What is cervical dysplasia?
'Cervical' refers to the cervix, which is the neck of the uterus that juts into the top of the vagina. 'Dysplasia' means that cells are growing in a disorganised unhealthy way. Cervical dysplasia is thus a term which describes pre-cancerous or potentially cancerous cell abnormalities of the cervix, usually picked up on a pap smear. Patients with cervical dysplasia will often say that they have an abnormal PAP smear.
The term 'Cervical Intraepithelial Neoplasia' (CIN) is also used to describe these pre-cancerous changes, and is graded from 1 to 3 to depict the degree of abnormality. CIN 1 = mild dysplasia, CIN 2 = moderate dysplasia and CIN 3 = severe dysplasia.
To confirm the diagnosis made via the pap smear, a more definitive test called a colposcopy is usually performed. This is where the cervix is examined using a special microscope (colposcope). The doctor paints the cervix with acetic acid (a vinegar-type solution) and then a dye, which will show up any abnormal lesions. From the patient's point of view this procedure is just like having a PAP smear, in that a speculum is inserted into the vagina. The colposcopy itself is painless and takes about fifteen minutes. If necessary, a small biopsy (tissue sample) may be taken from a suspicious area and examined by a pathologist to give an accurate diagnosis.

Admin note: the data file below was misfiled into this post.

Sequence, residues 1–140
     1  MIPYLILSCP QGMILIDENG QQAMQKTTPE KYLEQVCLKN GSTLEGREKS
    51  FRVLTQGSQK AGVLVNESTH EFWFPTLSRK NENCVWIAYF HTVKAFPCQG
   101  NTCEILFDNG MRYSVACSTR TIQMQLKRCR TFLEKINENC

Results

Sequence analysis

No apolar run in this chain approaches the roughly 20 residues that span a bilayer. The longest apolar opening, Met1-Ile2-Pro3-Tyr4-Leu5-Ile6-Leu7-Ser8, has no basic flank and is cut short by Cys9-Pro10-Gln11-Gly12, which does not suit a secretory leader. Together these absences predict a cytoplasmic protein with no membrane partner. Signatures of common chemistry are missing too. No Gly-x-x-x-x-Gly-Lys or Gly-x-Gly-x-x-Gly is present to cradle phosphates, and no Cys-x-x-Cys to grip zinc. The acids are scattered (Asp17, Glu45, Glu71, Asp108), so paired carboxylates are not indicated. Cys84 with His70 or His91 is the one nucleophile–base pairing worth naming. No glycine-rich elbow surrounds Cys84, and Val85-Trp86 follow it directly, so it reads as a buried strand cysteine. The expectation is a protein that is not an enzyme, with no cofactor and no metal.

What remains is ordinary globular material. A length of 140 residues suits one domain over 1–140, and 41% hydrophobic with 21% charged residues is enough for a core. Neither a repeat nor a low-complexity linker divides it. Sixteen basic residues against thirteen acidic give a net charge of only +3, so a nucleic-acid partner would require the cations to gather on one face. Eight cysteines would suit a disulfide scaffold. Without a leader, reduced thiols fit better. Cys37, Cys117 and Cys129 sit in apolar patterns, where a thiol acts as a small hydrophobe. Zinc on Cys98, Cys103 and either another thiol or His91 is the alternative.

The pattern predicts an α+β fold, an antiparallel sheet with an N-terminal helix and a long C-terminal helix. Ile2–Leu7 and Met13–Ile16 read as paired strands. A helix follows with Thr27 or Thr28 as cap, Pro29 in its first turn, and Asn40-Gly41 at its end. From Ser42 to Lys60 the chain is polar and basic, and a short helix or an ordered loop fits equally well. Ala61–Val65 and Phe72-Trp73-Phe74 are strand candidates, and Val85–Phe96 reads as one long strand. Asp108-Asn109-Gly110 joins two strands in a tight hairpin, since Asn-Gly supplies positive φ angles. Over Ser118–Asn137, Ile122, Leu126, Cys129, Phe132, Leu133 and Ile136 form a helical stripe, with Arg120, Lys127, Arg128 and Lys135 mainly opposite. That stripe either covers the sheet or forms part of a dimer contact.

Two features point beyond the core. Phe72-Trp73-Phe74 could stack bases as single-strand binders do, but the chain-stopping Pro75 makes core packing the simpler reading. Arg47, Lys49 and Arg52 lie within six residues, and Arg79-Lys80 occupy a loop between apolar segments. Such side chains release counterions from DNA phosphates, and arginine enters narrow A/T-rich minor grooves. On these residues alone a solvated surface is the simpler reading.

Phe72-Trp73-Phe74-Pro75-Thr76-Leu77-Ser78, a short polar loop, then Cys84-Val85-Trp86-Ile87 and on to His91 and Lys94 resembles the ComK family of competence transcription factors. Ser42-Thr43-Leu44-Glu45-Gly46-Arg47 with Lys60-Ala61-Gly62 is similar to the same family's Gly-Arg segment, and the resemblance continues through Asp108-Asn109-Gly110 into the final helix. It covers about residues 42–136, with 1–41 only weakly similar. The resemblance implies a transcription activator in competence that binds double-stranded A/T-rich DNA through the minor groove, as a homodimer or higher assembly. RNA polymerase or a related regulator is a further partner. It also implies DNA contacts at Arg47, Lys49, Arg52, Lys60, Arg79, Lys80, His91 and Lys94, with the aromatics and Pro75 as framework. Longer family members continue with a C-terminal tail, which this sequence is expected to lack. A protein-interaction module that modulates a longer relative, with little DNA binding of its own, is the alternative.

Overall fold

What causes it?
Cervical dysplasia is usually caused by infection with the wart virus known as the Human Papilloma Virus (HPV). Around 80% of people will be infected with at least one type of genital HPV during their life. There are more than 100 types (strains) of HPV with over 14 strains being able to cause cancer. The type of HPV you carry can be tested from a swab taken from the cervix when you have your PAP smear.